Voters will find four local measures on the Berkeley ballot on Nov. 6, 2018. Photo: Natalie Orenstein

There’s a lot to keep up with during campaign season, from heated regional races to statewide propositions asking voters to weigh in on everything from daylight savings to dialysis. If you haven’t gotten a chance to read up on your local issues yet, Berkeleyside has rounded up our coverage on the Berkeley ballot measures.

There are only four city measures on the list this year — compared to a whopping 12 in 2016 — but they all pertain to issues considered by many voters to be among the most pressing: housing, homelessness and infrastructure.

Election Day is Nov. 6.

Measure O

Are two-thirds of Berkeley voters willing to approve a $135 million bond for affordable housing? Supporters of Measure O are hoping so. The measure language would allow the bond revenue to be used to create and maintain affordable housing for a range of populations, including low-income residents, seniors and teachers. It would also establish a citizen oversight committee and include independent audits.

Proponents have called Measure O the game-changer that’s needed to address the affordability crisis, and opponents have said it’s yet another unfair burden on Berkeley homeowners. The city expects the measure to cost property owners $22 per $100,000 of assessed value at first, then jump to $33 per $100,000 in 2025. Some critics have taken issue with figures the city has used to determine the average homeowner’s cost — $97 for $425,000 — saying they’re based on outdated averages.

Read the ballot language.

More coverage: * Berkeley mayor makes case for tax measures O and P, hits resistance * Berkeley to put $135M affordable housing bond on November ballot * Big money is flowing in to support and oppose measures O and P, AD15 race

Measure P

The well-funded campaigns for and against Measures P and O have promoted the two items as a package, but P would more narrowly fund homelessness services. The revenue would raise the property transfer tax, bringing money into the city’s general fund to pay for shelters, rehousing and mental health services and related programs. The measure would raise the transfer tax from 1.5% to 2.5% for the top third of both residential and commercial property sales. At first, only sales of $1.5 million or more would be taxed, but eligibility would be adjusted annually to specifically capture the top third.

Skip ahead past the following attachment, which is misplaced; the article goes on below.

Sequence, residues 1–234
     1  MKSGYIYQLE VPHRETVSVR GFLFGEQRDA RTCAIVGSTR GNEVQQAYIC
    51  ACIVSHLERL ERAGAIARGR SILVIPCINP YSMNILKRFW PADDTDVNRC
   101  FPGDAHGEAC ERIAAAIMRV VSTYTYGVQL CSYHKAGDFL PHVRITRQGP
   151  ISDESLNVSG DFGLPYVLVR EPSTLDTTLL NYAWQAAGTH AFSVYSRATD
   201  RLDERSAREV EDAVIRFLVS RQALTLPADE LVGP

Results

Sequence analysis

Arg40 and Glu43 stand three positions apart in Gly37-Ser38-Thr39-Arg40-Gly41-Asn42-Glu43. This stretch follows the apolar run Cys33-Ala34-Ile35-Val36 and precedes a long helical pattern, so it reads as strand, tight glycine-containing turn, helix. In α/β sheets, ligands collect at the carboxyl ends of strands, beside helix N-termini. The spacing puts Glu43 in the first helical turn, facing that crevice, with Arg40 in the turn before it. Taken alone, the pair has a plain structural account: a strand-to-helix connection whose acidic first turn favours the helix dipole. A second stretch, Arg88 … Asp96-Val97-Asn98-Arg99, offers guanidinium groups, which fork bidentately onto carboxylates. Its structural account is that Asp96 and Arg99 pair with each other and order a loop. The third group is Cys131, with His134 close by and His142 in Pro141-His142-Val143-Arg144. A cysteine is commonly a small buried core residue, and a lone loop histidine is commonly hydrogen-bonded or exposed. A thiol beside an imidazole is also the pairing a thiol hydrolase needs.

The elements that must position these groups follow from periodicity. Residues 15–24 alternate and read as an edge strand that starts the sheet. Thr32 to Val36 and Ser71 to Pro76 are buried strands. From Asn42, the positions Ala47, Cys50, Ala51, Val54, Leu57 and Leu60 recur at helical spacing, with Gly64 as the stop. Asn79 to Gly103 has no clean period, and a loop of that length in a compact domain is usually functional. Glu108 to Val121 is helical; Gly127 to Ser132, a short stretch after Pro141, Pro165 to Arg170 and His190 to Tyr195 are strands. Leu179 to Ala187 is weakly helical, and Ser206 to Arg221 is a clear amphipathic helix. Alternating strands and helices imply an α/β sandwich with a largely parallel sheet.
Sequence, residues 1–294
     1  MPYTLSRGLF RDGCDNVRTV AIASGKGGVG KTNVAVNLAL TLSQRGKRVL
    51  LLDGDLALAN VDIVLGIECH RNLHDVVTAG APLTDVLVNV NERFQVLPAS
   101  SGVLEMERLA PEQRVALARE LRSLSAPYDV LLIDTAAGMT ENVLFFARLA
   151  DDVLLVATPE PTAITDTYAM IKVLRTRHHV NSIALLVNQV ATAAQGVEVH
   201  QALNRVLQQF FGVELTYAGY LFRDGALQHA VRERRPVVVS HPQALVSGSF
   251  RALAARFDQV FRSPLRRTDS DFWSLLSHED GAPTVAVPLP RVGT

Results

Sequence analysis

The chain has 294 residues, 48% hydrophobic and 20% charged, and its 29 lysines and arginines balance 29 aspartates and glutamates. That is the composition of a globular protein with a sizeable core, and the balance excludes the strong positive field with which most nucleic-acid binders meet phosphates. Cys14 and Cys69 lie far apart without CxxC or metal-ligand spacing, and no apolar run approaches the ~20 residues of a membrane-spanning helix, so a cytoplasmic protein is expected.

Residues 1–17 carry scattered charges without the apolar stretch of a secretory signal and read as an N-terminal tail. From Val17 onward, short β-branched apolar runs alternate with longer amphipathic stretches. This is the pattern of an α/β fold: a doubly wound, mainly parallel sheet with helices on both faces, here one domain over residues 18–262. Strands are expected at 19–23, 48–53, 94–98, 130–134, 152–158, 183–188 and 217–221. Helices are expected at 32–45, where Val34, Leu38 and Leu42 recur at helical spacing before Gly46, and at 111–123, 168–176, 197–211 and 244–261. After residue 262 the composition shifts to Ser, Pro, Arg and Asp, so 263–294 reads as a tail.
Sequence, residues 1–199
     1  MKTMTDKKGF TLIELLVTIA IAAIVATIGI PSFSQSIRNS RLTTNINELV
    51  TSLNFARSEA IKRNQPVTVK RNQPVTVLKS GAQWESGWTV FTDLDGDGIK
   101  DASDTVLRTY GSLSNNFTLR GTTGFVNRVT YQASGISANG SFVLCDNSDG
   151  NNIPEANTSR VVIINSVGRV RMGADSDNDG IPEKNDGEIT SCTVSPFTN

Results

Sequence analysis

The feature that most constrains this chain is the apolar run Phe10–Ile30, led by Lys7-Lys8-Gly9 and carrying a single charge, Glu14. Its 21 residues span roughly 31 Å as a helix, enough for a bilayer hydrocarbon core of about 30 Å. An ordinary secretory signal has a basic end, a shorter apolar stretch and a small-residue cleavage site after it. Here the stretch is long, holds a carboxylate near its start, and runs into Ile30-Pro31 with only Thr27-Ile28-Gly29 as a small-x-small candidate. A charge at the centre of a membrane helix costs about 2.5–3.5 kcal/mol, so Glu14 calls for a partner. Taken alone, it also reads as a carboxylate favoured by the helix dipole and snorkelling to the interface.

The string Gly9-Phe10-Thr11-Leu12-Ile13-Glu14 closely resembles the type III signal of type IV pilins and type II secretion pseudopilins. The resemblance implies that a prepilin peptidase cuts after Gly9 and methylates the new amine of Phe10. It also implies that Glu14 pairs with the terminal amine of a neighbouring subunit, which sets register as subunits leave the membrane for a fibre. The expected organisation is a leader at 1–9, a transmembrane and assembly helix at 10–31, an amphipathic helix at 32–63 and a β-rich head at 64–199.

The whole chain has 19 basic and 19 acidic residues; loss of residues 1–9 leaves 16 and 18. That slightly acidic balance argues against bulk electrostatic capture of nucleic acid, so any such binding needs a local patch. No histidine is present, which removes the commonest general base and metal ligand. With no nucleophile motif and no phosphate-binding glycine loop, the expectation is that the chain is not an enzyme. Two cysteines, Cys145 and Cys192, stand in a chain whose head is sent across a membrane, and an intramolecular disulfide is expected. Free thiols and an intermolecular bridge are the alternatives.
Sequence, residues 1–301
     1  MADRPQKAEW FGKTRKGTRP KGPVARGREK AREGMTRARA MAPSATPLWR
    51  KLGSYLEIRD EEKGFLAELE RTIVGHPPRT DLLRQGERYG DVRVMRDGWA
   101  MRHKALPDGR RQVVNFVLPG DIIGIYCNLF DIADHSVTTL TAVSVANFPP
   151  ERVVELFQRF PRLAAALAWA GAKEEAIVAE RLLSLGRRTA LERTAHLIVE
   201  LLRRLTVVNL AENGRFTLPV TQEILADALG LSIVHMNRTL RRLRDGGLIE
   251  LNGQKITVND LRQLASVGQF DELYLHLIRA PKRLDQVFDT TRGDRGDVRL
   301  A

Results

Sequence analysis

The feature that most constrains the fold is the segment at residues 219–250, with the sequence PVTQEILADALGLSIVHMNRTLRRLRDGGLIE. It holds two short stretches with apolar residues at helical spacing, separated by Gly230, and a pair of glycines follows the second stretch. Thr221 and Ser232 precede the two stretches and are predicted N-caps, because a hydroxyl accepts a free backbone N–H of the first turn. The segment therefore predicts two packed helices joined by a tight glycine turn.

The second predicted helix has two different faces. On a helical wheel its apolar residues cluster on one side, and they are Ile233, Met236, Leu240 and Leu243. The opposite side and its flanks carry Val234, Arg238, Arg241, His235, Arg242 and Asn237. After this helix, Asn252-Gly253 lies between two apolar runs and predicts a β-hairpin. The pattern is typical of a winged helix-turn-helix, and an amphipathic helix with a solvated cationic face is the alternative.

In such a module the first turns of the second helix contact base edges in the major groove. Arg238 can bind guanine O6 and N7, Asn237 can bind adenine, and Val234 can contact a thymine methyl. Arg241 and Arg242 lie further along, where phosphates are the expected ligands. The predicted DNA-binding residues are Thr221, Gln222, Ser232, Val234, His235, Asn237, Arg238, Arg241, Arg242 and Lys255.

Critics have said the ballot language leaves room for the city to use the revenue for unrelated purposes, but the measure would create a panel of experts on homelessness services to make recommendations on how the money is spent. Unlike the bond measure, P and the others on the ballot only require a simple majority to pass.

Read the ballot language.

More coverage: * Berkeley mayor makes case for tax measures O and P, hits resistance * Big money is flowing in to support and oppose measures O and P, AD15 race

Measure Q

One measure on Berkeley’s ballot is contingent on a decision by voters across the state. If California’s Proposition 10 passes, Costa Hawkins, the law restricting rent control, will be repealed. In that case, cities like Berkeley will return to more comprehensive rent-control systems. With Measure Q, Berkeley voters are asked to decide whether or not to tweak the city ordinance that has lain mostly dormant since Costa Hawkins passed in 1995. The measure would maintain all “vacancy decontrol” increases that occurred under Costa Hawkins — the rent boosts that were permitted when tenancy changed — and begin the incremental rent-control increases from that existing amount. The measure would also exempt new construction from rent control for 20 years, and exempt all accessory dwelling units permanently.

Read the ballot language.

More coverage: * With rent control in state spotlight, five seats open on Berkeley rent board * Berkeley puts rent-control update measure on November ballot * Berkeley prepares for potential repeal of Costa Hawkins Rental Housing Act

Measure R

Measure R would “advise” the city to draw up a 30-year strategic plan called “Vision 2050” for Berkeley’s aging and deteriorating infrastructure. In short, it’s a plan for a plan. There is wide support for a Vision 2050, which would take into consideration the impact of climate change and technological advances. Work has already begun in this realm, with the city holding information sessions and establishing citizen and staff committees to make recommendations. Although there’s no immediate cost associated with Measure R, it could open the door to potential future bond measures and expenses to cover the infrastructure projects.

Read the ballot language.

Read more: * Berkeley’s Measure R: ‘Vision 2050’ aims to tackle climate change, failing infrastructure

What else is on the ballot?

All Berkeley voters will also get a say in who fills three School Board seats, five Rent Board seats, the city auditor position, the Alameda County assessor role and the AC Transit director position. If you live in districts 1, 4, 7 or 8 you will also vote for City Council.

Countywide, there are two Peralta Community College measures (E and G) and one East Bay Regional Park District measure (FF). At the state level, voters will have 11 propositions, 12 offices — including Assembly District 15 — and several judge positions to consider. Find out more, and see your customized ballot, on Voter’s Edge.

Read more at Berkeleyside’s Election 2018 hub and the city of Berkeley’s election page.

Natalie Orenstein reports on housing and homelessness for The Oaklandside. Natalie was a Berkeleyside staff reporter from early 2017 to May 2020. She had previously contributed to the site since 2012,...